Set this material to one side so you can put it back after (it’s often good to scoop it onto a tarpaulin or into a bucket).
Step Two) Tip the chopped-up food scraps into the center of the compost heap. It is a good idea to chop them as this will encourage them to break down quickly.
Step Three) Stir them in a bit to encourage quick decomposition.
Step Four) Replace the removed compost on top to form a layer that will reduce the strength of the smell coming from the cooked food.
Step Five) Add a layer of dry leaves or sawdust on top to further mask the smell if possible. This is the best way to deter rodents and other pests.
Note that this method is not guaranteed to work, but it should at least help!
What Are My Other Options?
If you don’t want to compost your leftover pizza but you also don’t want to put it into your landfill bin, you might be wondering whether you have alternative options that are still reasonably eco-friendly.
There are a couple of other kinds of composting that you can look into that don’t involve leaving the leftover pizza in an exposed outdoor heap.
You could consider Bokashi composting, which uses a special bran to “pickle” the contents and make them unappealing to scavengers. The pickled food can be added to your compost as normal.
Alternatively, consider setting up a wormery. This is an enclosed box that uses worms to break down food waste, and it can be set up in quite a small amount of space – meaning you can keep it inside if necessary.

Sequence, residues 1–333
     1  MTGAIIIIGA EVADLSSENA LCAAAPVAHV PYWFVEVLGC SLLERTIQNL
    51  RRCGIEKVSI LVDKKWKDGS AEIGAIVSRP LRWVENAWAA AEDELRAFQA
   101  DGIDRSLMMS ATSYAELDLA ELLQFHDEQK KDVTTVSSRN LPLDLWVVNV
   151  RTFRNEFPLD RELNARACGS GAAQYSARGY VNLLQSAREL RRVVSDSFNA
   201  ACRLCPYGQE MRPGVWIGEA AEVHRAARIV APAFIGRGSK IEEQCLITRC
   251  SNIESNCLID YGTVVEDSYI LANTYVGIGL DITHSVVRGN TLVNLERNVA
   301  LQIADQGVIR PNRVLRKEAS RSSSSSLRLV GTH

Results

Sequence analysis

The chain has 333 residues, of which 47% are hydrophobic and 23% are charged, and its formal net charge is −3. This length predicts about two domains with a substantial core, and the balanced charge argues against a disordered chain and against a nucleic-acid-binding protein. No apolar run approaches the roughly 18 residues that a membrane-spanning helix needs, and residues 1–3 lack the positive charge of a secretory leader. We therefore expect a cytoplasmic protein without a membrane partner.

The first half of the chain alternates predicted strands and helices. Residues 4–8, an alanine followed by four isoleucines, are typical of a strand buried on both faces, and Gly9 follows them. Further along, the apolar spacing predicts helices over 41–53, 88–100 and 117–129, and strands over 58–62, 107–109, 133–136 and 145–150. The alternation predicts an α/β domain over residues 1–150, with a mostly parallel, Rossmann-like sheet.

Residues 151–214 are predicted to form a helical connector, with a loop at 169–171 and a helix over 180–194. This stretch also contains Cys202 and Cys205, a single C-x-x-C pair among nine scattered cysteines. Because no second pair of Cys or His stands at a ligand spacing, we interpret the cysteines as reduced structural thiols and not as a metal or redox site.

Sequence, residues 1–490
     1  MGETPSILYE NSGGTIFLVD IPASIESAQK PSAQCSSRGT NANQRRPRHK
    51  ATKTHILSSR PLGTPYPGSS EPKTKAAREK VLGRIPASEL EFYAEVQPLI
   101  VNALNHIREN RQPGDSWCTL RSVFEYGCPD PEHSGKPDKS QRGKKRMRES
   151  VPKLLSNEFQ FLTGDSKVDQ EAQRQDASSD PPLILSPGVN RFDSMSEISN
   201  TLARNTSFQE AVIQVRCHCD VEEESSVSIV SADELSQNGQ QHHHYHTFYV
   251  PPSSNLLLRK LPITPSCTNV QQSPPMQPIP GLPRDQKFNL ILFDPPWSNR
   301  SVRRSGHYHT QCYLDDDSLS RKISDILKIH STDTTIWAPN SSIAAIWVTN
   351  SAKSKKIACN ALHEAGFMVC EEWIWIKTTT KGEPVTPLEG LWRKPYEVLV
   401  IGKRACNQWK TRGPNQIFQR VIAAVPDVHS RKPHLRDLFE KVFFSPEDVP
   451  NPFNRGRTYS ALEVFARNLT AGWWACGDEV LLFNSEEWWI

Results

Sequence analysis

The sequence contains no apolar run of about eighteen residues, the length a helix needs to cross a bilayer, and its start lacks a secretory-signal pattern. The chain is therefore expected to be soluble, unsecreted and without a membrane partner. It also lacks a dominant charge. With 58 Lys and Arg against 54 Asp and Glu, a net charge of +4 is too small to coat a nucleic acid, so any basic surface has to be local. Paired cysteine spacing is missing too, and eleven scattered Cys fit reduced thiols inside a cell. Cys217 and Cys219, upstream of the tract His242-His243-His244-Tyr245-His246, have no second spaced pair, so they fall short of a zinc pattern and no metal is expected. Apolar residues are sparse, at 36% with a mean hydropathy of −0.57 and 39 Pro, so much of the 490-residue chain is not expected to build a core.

The worms will eat the food waste and produce husks, which are great for using in the garden.
Worms will process leftover pizza just fine, but be aware that some people suggest not adding meat or dairy to your wormery.
This is usually because it will start to smell quite quickly, and you don’t really want that in your home. You shouldn’t add large quantities of leftover pizza, but a small amount should be fine.
You can also peel off cheese and meat and discard these in the landfill bin if you choose to.
While they won’t do the planet any favours there, this is considerably better than binning the entire pizza slice.
Be aware that worms will also struggle if you give them a lot of greasy food, so try to make leftover pizza additions a rare occurrence.
If the pizza is very dry, soak it before adding it to your wormery or your outdoor compost bin; this will help it to decompose more quickly than if it is left dry.
You can add leftover pizza to your compost bin, but you should be aware of how often you are doing this and keep an eye on the bin.
If you notice a lot of flies around the heap, you need to bury any meat so that they can’t access it. You may also want to soak the bin to further deter them.
Putting your pizza scraps into your compost rather than the recycling bin or the landfill bin is a much more eco-friendly way of dealing with them, so consider this option – it can definitely be done in small quantities!